It's common to cast the class bully as a marginalized, troubled kid acting out. But we should be taking a closer look at the behaviour of the popular kids, according to new research on aggression and social status. It's actually the second-most popular kids who are particularly likely to torment their peers as a way to earn status and power.
Sociologists at the University of California, Davis, examined data from a longitudinal study of 19 elementary and high schools in North Carolina, focusing on students in Grades 8, 9 and 10.
While much of the research into the nature of bullying focuses on defining the psychological traits of bullies, this study explored the role of high-school social networks for clues. It found that as a student's status increases, he or she becomes more aggressive toward peers. This suggests an aspirational motivation behind many of the common features of bullying, from obvious physical acts such as hitting and shoving to stealthier techniques such as name-calling and spreading rumours.
"Not that earlier research is wrong, but this research adds another piece to the puzzle," says Robert Faris, assistant professor of sociology at the University of California, Davis.
Prof. Faris and his colleagues measured aggressive acts over a three-month period and mapped the aggressors' positions in their school's web of friendships.
Two-thirds of the more than 3,500 students in the study did not attack anybody. But the aggressive children had, on average, two victims in three months. And that aggression peaked just as kids reached the top rungs of their school's social ladder.
Those at the 98th percentile of popularity were 40 per cent more aggressive than the kids in the top 2 per cent. They were also about 28 per cent more aggressive than the kids at the very bottom of the social pecking order.
"What we think is going on is kids view aggression as a way to gain or maintain status," Prof. Faris says. "Status gives them a great capacity to be aggressive," he says. "It's not the best way, but it's one element in a tool kit that they might use to at least maintain their social position."
New Brunswick anti-bullying activist Rob Frenette says these findings ring true. He has yet to come across a case in which a victim is bullied by someone who is considered less popular, says Mr. Frenette, co-founder of www.BullyingCanada.ca. "Bullying tends to be a social tool."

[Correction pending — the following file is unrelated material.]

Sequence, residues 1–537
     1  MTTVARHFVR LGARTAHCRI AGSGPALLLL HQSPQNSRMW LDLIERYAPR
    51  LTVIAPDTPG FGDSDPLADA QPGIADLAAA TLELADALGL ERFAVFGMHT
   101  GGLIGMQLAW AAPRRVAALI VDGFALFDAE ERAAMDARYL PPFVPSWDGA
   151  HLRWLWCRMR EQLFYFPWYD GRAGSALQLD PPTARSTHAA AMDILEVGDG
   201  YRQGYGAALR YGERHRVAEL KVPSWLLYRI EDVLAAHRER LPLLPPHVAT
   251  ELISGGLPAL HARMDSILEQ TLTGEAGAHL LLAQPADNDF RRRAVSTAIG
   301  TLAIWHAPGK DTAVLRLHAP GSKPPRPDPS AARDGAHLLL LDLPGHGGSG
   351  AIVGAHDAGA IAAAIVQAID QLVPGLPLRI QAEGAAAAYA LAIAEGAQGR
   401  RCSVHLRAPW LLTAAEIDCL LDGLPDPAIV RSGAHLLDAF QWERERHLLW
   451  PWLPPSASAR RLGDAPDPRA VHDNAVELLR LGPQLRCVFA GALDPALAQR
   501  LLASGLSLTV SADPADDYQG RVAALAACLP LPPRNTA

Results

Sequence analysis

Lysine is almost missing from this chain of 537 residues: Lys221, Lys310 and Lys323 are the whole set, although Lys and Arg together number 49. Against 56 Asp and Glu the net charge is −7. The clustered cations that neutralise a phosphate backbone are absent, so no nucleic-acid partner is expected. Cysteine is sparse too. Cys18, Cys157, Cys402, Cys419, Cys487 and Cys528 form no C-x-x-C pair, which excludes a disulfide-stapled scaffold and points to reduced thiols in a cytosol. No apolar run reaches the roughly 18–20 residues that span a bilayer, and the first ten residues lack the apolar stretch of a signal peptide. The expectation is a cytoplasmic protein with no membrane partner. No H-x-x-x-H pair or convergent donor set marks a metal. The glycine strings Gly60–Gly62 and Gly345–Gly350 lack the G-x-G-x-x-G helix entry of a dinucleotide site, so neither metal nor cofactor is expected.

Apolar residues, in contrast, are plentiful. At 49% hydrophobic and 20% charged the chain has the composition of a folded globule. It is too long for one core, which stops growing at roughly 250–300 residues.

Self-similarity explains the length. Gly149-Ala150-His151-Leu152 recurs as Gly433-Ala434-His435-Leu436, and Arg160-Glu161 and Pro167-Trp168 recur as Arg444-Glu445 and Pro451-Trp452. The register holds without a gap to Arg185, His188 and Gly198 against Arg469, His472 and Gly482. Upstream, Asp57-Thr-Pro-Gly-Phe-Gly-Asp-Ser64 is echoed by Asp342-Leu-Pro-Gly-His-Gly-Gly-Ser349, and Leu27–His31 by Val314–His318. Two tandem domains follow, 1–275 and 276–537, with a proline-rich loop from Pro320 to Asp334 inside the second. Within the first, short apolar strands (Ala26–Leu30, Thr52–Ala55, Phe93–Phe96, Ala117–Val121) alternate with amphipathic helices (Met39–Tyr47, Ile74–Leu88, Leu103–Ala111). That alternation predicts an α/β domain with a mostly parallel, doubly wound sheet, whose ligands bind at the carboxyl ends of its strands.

Prof. Faris adds a caveat: It's a social tool that doesn't actually work, he says. Over all, aggression didn't actually increase the status of the aggressors in the study.
"It doesn't matter so much whether it actually works as whether kids believe that it works," he says, adding that he has another paper in the works that shows that the more a kid cares about being popular, the more aggressive he or she is.
He speculates that children at the very apex of their school's social life, that top 2 per cent, may reap more benefits from being kind, or may feel that being aggressive could signal insecurity or weakness.
Prof. Faris says his work could help ongoing efforts by educators and parents to curb bullying.
"It may not be plausible to eliminate social distinctions and hierarchies, but it's entirely reasonable to expect it to be possible to remove the element of aggression from those hierarchies," he says.
A key objective would be to strip aggression of its perceived power among the majority of students who, while they may not be aggressive themselves, may not be discouraging it among their peers.
"They're the ones who hold all the power, collectively," he says.
Bullying expert Debra Pepler, a professor at York University's LaMarsh Centre for Research on Violence and Conflict Resolution and scientific co-director of the anti-bullying website www.prevnet.ca, says this conclusion is especially useful.
In her work videotaping children, she has found that 85 per cent of the time, an act of bullying is witnessed by other children.
And 75 per cent of the time those watching are encouraging the bully, Prof. Pepler adds.